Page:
Friday, October 17, 2014

20 Volt DC Expansion

Now that we have covered 5 and 12 volt DC power applications over USB and Ethernet, this post will be about 20 volt DC expansion. This voltage is very common for laptops and Chromebooks/Chromeboxes. It is important to note that some name-brand manufacturers will have a third 'sense' wire in the power cable, to ensure that a no-name or incorrect wattage power supply is not used with their systems.

A good example is my Dell Precision 6500, which has a comparatively large (and more expensive) power supply for a standard-sized laptop/dock. A more-common Dell laptop power supply has the same plug, but I am warned that the wattage is not sufficient if I use anything other than the 210 watt unit that is designed for it. At 20 volts, that wattage means more than 10 amps of current, a phenomenal amount that I do not have the answer as to why the laptop needs so much (the battery, with nice LED level indicators, has always lasted me about two hours of use away from the dock).

I have an extra supply, that had its cord cut by my boss of the time, thinking that the unit was bad. As you've learned by now, I then think of ways to put it back into use. You should also know that I have too much of my Dad's blood in me, and that we never thrown an item away in the hope that we can fix it later.

My ASUS Chromebox in the office is also 20 volts DC, a power supply that is half as large. It has a very-common 5.5mm x 2.5mm (the same dimensions of the power plug for older Roku units) plug for power, without any 'sense' line. In addition my Lenovo 11e Chromebook and my wife's Lenovo convertible laptop/tablet also have 20VDC power supplies, a fifth of the size of that of my Precision. I have an adapter plugs set that I should have covered in earlier posting, in that they have the common 5.5mm x 2.1mm jack inputs, and convert it into all of the plugs I will use on this project.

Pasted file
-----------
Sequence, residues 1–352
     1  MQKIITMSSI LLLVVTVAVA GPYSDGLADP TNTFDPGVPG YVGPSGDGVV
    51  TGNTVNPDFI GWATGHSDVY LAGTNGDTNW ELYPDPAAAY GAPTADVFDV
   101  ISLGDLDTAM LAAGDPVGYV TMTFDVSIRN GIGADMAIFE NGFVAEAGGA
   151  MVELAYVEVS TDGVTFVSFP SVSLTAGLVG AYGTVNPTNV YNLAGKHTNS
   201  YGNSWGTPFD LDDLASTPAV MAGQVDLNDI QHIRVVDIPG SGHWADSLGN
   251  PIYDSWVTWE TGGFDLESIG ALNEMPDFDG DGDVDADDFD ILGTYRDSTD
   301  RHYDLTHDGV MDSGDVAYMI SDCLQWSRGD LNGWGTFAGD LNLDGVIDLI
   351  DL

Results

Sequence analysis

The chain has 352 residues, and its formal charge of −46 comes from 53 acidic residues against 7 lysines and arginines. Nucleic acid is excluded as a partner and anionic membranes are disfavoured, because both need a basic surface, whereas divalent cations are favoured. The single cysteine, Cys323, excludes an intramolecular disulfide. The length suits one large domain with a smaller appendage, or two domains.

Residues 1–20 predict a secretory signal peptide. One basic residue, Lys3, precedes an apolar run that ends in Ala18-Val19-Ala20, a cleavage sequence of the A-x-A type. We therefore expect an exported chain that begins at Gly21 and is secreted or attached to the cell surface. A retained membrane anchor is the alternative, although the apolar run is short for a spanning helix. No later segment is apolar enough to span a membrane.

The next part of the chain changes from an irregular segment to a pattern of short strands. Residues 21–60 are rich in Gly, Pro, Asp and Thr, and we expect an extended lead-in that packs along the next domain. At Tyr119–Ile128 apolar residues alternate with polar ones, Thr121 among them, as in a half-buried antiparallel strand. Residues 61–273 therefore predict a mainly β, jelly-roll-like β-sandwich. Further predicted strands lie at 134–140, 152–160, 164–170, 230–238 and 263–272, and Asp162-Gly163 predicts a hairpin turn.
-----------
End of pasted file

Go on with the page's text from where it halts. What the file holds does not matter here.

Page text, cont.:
Here are the pictures:


  1. The first picture is beginning the project, the second shows the Dell cable I am using to restore the original functionality. The third picture is various connections I have to more easily test the voltages from the barrel connections on the cables. In the third picture you see the dock power supply, twice as large as the "portable" power supply (which is still only a third of the size of my closed Lenovo 11e Chromebook. The fifth picture shows the plug adapters, I am able to adapt to the ASUS Chromebox, Lenovo plug, or what Dell uses (without the 'sense' wire). The last picture is the finished power supply.

  2. I do recommend having a good voltmeter, and checking your work a few times for correct polarity and the absence of shorts.

  3. Note that I did make sure the new cable can supply enough power for my Precision dock. The larger supply is rated as 19.5VDC at 10.8 amps. For the smaller supply I repaired, it is rated as 19.5VDC at 12.3 amps. That provides at least 1.5 amps more leeway, and I am certain the current draw of the Precision in the dock, and the additional power for my ASUS Chromebox will easily be below the rating of the repaired power supply.

  4. My adapters for the power connections that Lenovo uses came in today. The voltage/ammeters are still in-transit. I'm going to do voltage and current draw tests as I go through having everything powered on together.